Dan Rattiner's Stories

Fix My Apple? Enjoying the Secret Cult at the Apple Guru Store

Last month, I took the Metro North train to Hyde Park to do research at the FDR Library there for my upcoming book The Night the Nazis Landed. (The book is being represented by the Marianne Strong Agency and has been optioned for a movie by Emmy winner Cayman Grant of Steel Titan Productions. It’s about events that happened in Amagansett in 1942.)

While up there, my iPhone seemed to be dying. I had to constantly charge it. Something was wrong.

Coming back to New York and getting off the train at Grand Central Station, it occurred to me to go to the Apple Store there on the balcony. I didn’t have an appointment. But I did have two hours before the Jitney back to East Hampton. So I climbed the stairs.

There were throngs of people on the balcony chattering noisily, many of them trying out the Apple products on tables there. As I got to the top of the stairs, a young man in a blue shirt with a white Apple logo on it made eye contact and smiled at me.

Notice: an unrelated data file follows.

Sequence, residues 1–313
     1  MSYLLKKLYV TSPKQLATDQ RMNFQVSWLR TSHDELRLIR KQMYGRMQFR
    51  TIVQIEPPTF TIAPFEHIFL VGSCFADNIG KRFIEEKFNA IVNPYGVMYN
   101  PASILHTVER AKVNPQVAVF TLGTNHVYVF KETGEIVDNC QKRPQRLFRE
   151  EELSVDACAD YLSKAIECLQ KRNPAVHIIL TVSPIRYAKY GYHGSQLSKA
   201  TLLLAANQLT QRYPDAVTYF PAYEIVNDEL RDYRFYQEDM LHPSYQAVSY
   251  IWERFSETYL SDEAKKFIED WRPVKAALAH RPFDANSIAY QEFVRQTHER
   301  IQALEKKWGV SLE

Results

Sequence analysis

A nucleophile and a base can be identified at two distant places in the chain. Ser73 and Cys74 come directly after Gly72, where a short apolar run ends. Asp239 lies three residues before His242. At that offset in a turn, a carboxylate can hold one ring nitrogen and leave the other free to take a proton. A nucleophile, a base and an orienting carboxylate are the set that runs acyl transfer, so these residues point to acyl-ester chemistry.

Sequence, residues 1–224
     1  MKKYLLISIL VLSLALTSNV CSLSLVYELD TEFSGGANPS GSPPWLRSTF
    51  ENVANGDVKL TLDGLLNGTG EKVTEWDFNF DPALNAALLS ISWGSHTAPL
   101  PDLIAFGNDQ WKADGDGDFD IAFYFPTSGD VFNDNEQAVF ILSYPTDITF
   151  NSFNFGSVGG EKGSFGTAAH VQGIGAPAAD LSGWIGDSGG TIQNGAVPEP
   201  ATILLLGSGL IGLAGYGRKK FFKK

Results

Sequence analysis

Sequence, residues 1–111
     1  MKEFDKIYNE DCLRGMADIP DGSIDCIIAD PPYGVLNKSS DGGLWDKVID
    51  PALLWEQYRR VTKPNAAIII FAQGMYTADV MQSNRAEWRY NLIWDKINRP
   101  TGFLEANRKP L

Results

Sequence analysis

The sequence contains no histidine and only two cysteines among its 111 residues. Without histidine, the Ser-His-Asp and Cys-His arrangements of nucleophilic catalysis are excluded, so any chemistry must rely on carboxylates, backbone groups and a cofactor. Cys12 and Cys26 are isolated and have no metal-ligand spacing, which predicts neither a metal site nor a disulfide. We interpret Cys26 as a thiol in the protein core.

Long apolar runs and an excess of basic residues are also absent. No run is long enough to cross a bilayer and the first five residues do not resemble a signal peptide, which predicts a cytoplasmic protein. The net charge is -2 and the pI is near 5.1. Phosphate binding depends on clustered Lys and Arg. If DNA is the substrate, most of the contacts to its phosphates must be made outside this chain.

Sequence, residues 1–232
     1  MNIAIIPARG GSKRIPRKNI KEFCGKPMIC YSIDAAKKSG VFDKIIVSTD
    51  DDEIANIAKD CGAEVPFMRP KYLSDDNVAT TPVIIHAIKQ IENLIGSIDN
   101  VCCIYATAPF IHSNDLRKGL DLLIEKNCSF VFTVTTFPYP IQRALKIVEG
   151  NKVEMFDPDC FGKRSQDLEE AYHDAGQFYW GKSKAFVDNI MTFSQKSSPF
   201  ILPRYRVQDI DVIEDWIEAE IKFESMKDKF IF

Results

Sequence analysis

“Can I help you?” he asked.

“My iPhone needs charging all the time. Maybe the battery is having problems.”

“I’ll have someone help you,” he said. He looked at an iPad he was holding, then looked back up at me.

“See that young man in the blue shirt by that door? He can help you.”

I walked through the crowds to the door.

“Hi,” the man said when I got there. “What can I do for you?”

“My iPhone needs charging all the time. Maybe the battery is having problems.”

“We can check it out,” the young man said. He motioned for me to look into the room. “See that guy across the room with the red hair and the pony tail?”

“Yes.”

“He can help you.”

So I walked over to the red headed guy wearing a blue shirt and also carrying an iPad.

“Can I help you?” he asked.

“My iPhone needs charging all the time. Maybe the battery is having problems.”

He looked at the iPad he was holding, then pointed across the room.

“See that young woman with the blue shirt and the bangs?” he asked. She was standing across this busy room by the door of still another room. “She can help you.”

I walked to her. “Having a problem?” she asked cheerily.

“My iPhone needs charging all the time. Maybe the battery is having problems.”